The Jakarta Globe reported on November 19, 2012 that surging waters following torrential rains in Jakarta killed at least one person. The floods caused structural damage to some buildings, crippled traffic and inundated many parts of Jakarta. Floods have become a threat and brought woes for Jakarta residents every year.
In 2007, the worst floods in memory inundated about 70 percent of Jakarta, killed at least 57 people and sent about 450,000 fleeing their houses. In 2008, floods inundated most parts of Jakarta including the Sedyatmo toll road and nearly 1,000 flights in the Soekarno-Hatta International Airport were delayed or diverted and 259 were cancelled. Earlier this year, floods inundated hundreds of homes along major Jakarta waterways including the Ciliwung, Pesanggrahan, Angke and Krukut rivers and displaced 2,430 people (The Jakarta Globe, April 5, 2012).
In the aftermath of these annual floods, the government usually focuses on releasing floodwater as quickly as possible into the sea, particularly on the development of the East Flood Canal and dredging of rivers. Similarly, Governor Joko Widodo laid out his plan to improve the East Flood Canal, the drainage in Cengkareng and Pesanggrahan and develop a reservoir for reducing the flow of the Ciliwung River (The Jakarta Globe, November 19, 2012).
The East Flood Canal was launched in the aftermath of major floods in 2002 and reached the sea on December 31, 2009 after a very slowly progress due to the complicated land acquisitions. The East Flood Canal has been considered the most feasible means to prevent future flooding in Jakarta, but clearly cannot prevent flooding entirely. The canal, coupled with the dredging of rivers, is only able to mitigate impacts of flooding.
Averting floods in Jakarta is quite a big challenge since Jakarta lies in a lowland area with 43 lakes and 13 rivers with a population of nearly 10 million within the city's boundaries and more than four million in neighboring areas. Two centuries ago, the Dutch colonial government, with its long experience in controlling water and drainage systems, built a canal system to protect the city's population which was then 500,000.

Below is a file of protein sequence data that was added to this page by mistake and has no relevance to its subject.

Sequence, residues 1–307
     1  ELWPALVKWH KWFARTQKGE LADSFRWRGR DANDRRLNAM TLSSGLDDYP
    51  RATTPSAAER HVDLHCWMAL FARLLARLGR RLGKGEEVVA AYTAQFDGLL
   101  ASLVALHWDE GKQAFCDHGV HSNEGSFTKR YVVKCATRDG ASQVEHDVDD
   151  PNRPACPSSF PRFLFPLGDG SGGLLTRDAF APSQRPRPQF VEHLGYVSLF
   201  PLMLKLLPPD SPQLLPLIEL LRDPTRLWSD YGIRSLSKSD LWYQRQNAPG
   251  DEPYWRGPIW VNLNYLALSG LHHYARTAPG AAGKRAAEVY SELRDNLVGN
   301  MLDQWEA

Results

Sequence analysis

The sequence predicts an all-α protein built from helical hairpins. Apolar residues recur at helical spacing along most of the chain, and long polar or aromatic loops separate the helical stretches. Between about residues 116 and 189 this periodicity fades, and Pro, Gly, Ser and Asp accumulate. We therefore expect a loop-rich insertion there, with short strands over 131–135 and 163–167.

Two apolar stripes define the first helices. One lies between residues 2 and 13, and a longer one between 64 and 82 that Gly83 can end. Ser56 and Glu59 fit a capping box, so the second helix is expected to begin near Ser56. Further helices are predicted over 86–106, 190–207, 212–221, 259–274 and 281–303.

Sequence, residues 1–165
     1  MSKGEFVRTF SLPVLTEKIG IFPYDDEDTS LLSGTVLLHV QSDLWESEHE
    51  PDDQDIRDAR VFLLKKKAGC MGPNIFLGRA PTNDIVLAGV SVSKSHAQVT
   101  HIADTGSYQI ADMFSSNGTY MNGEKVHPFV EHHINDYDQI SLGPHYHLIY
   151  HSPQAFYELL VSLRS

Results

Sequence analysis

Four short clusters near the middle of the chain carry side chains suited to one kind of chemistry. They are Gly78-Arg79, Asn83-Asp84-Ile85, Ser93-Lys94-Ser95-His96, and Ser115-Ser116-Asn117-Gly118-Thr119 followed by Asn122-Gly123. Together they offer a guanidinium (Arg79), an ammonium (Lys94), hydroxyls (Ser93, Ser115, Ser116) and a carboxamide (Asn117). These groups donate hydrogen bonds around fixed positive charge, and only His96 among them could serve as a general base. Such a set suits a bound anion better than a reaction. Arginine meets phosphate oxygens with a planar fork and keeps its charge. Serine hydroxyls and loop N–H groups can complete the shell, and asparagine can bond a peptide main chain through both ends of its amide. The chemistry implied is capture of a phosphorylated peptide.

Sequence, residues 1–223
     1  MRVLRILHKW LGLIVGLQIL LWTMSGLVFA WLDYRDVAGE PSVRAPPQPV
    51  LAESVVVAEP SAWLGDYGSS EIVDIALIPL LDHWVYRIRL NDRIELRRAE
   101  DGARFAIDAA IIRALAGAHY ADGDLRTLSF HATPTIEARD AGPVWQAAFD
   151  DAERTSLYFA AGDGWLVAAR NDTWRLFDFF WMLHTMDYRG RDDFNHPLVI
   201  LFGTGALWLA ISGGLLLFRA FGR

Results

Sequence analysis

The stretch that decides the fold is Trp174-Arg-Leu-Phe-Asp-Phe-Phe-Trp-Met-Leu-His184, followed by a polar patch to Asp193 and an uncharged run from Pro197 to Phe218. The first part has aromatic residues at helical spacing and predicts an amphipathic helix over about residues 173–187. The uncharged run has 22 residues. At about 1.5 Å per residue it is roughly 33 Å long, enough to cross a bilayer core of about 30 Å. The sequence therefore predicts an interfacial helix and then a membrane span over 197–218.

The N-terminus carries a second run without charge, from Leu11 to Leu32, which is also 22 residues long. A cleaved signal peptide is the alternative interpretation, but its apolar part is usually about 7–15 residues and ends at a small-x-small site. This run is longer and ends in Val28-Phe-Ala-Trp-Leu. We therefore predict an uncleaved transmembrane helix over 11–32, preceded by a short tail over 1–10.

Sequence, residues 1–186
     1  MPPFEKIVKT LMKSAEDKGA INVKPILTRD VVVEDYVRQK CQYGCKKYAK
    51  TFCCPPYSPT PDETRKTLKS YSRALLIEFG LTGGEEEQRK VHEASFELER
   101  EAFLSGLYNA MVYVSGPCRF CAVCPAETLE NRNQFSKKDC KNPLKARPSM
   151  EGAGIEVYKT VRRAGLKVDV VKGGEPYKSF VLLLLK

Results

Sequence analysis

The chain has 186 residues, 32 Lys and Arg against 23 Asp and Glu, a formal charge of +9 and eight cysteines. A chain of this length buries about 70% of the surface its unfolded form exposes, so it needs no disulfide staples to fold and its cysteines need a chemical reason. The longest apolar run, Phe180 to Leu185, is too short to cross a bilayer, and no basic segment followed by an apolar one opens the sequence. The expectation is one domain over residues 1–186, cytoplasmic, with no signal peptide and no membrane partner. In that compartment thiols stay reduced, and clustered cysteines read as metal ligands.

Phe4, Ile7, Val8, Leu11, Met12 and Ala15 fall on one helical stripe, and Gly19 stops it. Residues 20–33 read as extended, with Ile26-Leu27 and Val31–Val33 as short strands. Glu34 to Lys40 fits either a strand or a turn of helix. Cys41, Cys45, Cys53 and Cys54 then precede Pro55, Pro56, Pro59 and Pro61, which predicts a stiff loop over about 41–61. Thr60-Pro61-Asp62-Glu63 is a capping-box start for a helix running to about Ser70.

The annual floods in Jakarta are strong evidence that Jakarta has not been able to sustainably accommodate its growth. Jakarta needs bold moves to prevent future flooding. For many years, new homes, commercials and office buildings have proliferated across the city and many of them have converted water catchment areas, green areas and wetlands. Land conversions from water catchment areas, green areas and wetland to urbanized areas in Jakarta and its neighboring areas must be stopped.
The city administration should promote the concept of infill development within urbanized areas. Sprawl development or outward expansion of development should be discouraged. New developments in Jakarta should be directed to vacant, underdeveloped or underutilized sites rather than undeveloped land including water catchment areas, green areas and wetland. Zoning regulations (Peraturan Zonasi) should encourage the application of infill development in vacant, underdeveloped or underutilized sites. Zoning regulations that limit building heights could become regulatory barriers for infill development.
The city administration also needs to take bold moves to expand the green areas in the city. In the 1970s, green areas made up between 40 and 50 percent of Jakarta and have been shrinking ever since. Currently, green areas in Jakarta account for less than 10 percent of the city’s total area, far below the target of 30 percent set in the 2007 Spatial Planning Law. Water catchment areas, green areas and wetlands that have been converted into urbanized areas need to be re-functionalized as non-urbanized areas. The cost of converting urbanized areas into green areas may be expensive, but such sacrifices are necessary for the future of Jakarta, including to avert floods.